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Wyoming's only job corps center wants more locals

Sign outside Wind River Job Corps Center on Airport Road in Riverton.
Taylar Stagner
Sign outside Wind River Job Corps Center on Airport Road in Riverton.

Wind River Job Corps Center has 127 students from many different places including Montana, Texas and forty percent of those attendees are from Colorado. Officials want to entice more people from Wyoming to attend.

The facility is for low-income young adults from the ages of 16 to 23 looking to get job training in less than two years. If accepted attendance is free and the only location in Wyoming is located just outside Riverton. The center has two dorms, a cafeteria, and medical facilities.

Kristen Benson,the Director of Wind River Job Corp in Riverton,said the Wind River campus partners with businesses all over central Wyoming for hands on job training.

“We have relationships with the City of Lander, the Town of Hudson, [City of] Riverton. We have a student down in Hannah,” she said.

Potential trade programs are welding, heavy construction, mechanics, carpentry, electrical, construction technology, heavy truck driving, and petroleum service technicians.

Wind River Job Corps campus Spring 2022.
Taylar Stagner
Wind River Job Corps campus Spring 2022.

Benson said they can admit around 10 people every week and participants can study at their own pace, which makes it flexible for students who don’t want your typical classroom setting.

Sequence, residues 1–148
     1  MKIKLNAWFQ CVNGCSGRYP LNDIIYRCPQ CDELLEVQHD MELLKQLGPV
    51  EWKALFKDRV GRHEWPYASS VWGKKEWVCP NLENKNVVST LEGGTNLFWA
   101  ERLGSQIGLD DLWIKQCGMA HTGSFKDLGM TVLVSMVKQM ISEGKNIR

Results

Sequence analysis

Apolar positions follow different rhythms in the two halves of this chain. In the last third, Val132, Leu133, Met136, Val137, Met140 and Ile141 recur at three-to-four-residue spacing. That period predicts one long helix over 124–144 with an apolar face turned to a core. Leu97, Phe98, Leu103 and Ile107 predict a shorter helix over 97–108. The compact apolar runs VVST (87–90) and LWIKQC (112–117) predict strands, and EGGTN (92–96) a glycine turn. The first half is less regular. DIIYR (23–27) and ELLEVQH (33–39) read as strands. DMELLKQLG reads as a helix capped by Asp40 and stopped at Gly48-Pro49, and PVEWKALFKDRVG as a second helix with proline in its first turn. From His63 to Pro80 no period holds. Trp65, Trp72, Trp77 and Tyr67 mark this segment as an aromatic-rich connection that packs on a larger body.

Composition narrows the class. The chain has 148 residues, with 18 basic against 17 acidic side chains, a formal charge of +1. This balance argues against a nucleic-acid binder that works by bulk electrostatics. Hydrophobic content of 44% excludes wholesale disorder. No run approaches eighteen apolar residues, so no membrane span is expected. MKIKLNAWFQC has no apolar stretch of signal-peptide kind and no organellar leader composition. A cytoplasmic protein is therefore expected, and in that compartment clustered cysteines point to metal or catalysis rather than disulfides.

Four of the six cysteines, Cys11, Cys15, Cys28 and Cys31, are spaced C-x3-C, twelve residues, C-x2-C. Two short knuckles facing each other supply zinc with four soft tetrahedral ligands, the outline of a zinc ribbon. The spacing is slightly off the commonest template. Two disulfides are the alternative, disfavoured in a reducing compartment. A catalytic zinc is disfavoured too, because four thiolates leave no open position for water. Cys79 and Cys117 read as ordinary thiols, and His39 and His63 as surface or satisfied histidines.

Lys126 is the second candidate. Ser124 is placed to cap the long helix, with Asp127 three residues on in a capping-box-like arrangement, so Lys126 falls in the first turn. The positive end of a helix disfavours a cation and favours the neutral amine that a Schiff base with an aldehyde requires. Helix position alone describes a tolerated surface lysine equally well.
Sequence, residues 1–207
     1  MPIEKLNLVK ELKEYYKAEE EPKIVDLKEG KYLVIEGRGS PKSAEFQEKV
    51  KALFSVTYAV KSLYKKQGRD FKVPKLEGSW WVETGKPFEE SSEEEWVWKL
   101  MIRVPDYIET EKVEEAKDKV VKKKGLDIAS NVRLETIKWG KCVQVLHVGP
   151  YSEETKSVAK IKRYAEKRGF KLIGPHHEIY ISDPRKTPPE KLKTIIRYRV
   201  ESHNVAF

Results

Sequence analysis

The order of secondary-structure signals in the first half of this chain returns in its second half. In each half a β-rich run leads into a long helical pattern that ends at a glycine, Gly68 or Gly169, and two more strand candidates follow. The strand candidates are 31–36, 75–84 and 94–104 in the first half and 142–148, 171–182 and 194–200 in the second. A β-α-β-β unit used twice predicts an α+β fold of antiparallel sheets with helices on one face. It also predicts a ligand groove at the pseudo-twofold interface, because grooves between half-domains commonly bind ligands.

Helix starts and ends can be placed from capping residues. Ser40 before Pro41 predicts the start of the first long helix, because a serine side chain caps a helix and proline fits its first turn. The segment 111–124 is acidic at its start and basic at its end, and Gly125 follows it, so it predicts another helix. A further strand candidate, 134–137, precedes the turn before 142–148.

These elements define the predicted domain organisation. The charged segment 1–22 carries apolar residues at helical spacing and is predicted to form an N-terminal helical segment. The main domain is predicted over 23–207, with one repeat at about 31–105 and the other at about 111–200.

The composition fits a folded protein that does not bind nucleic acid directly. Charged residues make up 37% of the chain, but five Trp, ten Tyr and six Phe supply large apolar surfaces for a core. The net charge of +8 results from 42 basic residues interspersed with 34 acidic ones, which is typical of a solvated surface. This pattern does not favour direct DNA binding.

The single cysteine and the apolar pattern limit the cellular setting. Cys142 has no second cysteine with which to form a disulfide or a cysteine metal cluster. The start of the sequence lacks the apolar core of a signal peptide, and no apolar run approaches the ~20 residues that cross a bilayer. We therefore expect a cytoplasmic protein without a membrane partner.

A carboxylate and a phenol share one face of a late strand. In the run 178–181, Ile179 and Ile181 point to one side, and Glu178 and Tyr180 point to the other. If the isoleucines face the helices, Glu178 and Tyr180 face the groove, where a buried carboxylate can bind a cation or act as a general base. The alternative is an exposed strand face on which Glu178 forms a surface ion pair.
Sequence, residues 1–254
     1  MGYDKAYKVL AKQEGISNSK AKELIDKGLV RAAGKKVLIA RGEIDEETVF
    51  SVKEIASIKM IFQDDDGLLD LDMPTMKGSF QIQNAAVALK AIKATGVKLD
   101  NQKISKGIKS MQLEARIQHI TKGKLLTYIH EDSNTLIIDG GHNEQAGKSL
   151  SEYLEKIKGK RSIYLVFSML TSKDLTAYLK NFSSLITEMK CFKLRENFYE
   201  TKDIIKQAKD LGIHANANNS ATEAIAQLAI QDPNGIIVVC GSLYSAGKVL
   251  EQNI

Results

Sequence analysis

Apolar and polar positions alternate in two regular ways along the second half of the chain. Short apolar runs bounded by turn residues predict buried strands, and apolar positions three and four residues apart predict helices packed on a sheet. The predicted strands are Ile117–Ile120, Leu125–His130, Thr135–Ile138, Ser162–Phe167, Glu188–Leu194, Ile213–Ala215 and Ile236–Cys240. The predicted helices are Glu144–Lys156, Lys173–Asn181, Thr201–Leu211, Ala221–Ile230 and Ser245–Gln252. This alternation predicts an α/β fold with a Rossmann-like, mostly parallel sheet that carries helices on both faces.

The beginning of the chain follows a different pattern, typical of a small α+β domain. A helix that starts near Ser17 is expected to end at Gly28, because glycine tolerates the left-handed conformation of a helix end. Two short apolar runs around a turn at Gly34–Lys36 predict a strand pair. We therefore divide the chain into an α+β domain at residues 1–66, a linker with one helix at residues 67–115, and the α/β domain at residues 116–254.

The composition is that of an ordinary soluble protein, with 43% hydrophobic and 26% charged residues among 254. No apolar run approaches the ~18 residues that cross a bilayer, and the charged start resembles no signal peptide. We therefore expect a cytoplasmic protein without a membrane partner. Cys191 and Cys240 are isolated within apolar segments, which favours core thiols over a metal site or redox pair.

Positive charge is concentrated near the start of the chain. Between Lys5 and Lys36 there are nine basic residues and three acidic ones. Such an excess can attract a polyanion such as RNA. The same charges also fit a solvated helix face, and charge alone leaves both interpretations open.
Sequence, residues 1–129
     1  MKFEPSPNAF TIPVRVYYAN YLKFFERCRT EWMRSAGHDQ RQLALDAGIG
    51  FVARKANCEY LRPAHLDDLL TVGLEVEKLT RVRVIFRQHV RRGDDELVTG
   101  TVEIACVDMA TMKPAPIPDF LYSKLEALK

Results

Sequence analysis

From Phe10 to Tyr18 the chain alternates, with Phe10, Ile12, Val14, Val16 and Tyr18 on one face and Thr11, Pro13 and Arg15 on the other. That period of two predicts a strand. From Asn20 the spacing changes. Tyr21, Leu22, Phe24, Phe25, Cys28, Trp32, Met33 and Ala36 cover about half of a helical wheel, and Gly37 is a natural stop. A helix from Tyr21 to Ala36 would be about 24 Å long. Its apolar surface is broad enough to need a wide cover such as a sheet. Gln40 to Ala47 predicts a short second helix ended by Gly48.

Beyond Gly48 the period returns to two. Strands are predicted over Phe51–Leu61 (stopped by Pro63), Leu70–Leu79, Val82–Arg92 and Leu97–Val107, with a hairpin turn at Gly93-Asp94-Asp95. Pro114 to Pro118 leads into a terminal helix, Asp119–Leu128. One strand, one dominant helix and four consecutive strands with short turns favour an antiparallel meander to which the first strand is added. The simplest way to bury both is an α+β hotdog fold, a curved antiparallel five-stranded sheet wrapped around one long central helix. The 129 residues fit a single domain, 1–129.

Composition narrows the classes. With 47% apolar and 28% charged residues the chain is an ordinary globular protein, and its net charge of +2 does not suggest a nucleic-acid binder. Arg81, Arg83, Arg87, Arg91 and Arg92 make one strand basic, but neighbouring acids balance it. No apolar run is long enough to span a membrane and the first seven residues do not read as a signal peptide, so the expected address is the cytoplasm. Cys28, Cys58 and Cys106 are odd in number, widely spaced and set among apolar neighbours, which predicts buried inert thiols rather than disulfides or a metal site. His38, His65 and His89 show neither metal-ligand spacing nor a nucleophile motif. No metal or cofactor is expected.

“We have kids here that are here for their fourth, fifth and maybe six chance of life. And we take them as they are, and we grow. And that's the best thing about individualizing. It's a self paced program,” she explained. She said there are many ways that their center supports an education journey.

Typically, the Wind River campus can accommodate around 300 students, but because of COVID-19 guidelines admission is capped at around 200 to adequately allow for social distancing and quarantine.

Benson said they usually have had graduations every few weeks because of the self guided nature of the programs, but because of the pandemic graduations have been online. She wants to restart in person graduation this August.

Taylar Dawn Stagner is a central Wyoming rural and tribal reporter for Wyoming Public Radio. She has degrees in American Studies, a discipline that interrogates the history and culture of America. She was a Native American Journalist Association Fellow in 2019, and won an Edward R. Murrow Award for her Modern West podcast episode about drag queens in rural spaces in 2021. Stagner is Arapaho and Shoshone.
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